Journal Article


B Earley
A K Kelly
E G O'Riordan
M McGee
M P Keane



welfare beef physiological effect space live weight type weight gain dry matter intake

Effect of space allowance and floor type on performance, welfare and physiological measurements of finishing beef heifers. (2017)

Abstract Accommodating cattle indoors during the winter is widely practiced throughout Europe. There is currently no legislation surrounding the space allowance and floor type that should be provided to cattle during this time, however, concerns have been raised regarding the type of housing systems currently in use. The objective of the study was to investigate the effect of space allowance and floor type on performance and welfare of finishing beef heifers. Continental crossbred heifers (n=240: mean initial live; weight, 504 (SD 35.8) kg) were blocked by breed, weight and age and randomly assigned to one of four treatments; (i) 3.0 m2, (ii) 4.5 m2 and (iii) 6.0 m2 space allowance per animal on a fully slatted concrete floor and (iv) 6.0 m2 space allowance per animal on a straw-bedded floor, for 105 days. Heifers were offered a total mixed ration ad libitum. Dry matter intake was recorded on a pen basis and refusals were weighed back twice weekly. Heifers were weighed, dirt scored and blood sampled every 3 weeks. Whole blood was analysed for complete cell counts and serum samples were assayed for metabolite concentrations. Behaviour was recorded continuously using IR cameras from days 70 to 87. Heifers' hooves were inspected for lesions at the start of the study and again after slaughter. Post-slaughter, carcass weight, conformation and fat scores and hide weight were recorded. Heifers housed at 4.5 m2 had a greater average daily live weight gain (ADG) than those on both of the other concrete slat treatments; however, space allowance had no effect on carcass weight. Heifers accommodated on straw had a greater ADG (0.15 kg) (P<0.05), hide weight (P<0.01) better feed conversion ratio (P<0.05) and had greater dirt scores (P<0.05) at slaughter than heifers accommodated on concrete slats at 6.0 m2. The number of heifers lying at any one time was greater (P<0.001) on straw than on concrete slats. Space allowance and floor type had no effect on the number of hoof lesions gained or on any of the haematological or metabolic variables measured. It was concluded that increasing space allowance above 3.0 m2/animal on concrete slats was of no benefit to animal performance but it did improve animal cleanliness. Housing heifers on straw instead of concrete slats improved ADG and increased lying time; however carcass weight was not affected.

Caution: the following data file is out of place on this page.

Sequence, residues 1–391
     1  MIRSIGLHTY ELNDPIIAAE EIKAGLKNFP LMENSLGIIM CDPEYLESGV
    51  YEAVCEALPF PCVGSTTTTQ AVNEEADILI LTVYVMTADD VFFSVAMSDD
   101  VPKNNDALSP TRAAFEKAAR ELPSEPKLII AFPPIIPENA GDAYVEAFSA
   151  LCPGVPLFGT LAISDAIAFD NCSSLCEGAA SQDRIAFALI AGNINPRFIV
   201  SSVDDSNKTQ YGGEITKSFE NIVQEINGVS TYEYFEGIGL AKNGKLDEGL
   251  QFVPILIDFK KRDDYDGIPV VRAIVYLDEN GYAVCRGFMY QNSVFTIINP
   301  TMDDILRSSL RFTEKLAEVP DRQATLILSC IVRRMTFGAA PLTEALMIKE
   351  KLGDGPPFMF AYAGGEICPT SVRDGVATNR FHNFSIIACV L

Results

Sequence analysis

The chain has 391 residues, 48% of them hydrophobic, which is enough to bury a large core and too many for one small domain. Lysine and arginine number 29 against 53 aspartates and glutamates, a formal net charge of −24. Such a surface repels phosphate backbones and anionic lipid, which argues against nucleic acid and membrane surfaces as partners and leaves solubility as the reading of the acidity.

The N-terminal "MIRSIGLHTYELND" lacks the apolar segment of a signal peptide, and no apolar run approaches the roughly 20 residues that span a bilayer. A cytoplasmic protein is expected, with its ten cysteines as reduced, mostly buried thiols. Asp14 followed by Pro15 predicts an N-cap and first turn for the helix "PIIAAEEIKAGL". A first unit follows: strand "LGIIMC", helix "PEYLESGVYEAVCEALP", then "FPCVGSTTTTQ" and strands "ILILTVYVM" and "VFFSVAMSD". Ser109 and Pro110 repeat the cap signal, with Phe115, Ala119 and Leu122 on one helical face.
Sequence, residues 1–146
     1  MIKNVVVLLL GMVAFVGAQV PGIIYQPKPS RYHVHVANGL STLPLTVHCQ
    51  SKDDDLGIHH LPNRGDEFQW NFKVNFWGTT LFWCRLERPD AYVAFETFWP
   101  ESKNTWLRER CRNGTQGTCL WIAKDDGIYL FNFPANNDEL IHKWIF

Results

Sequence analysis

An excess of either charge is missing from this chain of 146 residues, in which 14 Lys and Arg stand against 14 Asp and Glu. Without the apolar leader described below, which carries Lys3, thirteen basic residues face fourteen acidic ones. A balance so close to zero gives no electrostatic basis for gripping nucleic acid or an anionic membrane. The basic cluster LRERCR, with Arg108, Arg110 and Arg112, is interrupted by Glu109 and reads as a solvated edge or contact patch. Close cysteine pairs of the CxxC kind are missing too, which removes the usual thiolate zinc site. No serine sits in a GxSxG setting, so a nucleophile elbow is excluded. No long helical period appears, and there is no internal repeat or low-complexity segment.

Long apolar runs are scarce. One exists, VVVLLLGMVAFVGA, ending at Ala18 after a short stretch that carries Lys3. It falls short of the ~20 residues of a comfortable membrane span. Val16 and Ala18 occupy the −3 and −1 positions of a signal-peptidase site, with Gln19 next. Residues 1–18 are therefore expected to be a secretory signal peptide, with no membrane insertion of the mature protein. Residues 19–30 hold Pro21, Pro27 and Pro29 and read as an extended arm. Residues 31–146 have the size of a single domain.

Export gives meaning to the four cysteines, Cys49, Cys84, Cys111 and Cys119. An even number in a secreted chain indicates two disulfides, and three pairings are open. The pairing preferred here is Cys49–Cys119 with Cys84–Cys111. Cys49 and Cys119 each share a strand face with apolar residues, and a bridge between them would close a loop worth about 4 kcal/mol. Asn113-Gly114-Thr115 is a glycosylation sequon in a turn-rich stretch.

Collections Ireland -> Teagasc -> PubMed

Full list of authors on original publication

B Earley, A K Kelly, E G O'Riordan, M McGee, M P Keane

Experts in our system

Bernadette Earley
Total Publications: 120
Alan K Kelly
Total Publications: 88
Edward G. O'Riordan
Total Publications: 30
Mark McGee
Total Publications: 81
Michael P Keane
University College Dublin
Total Publications: 23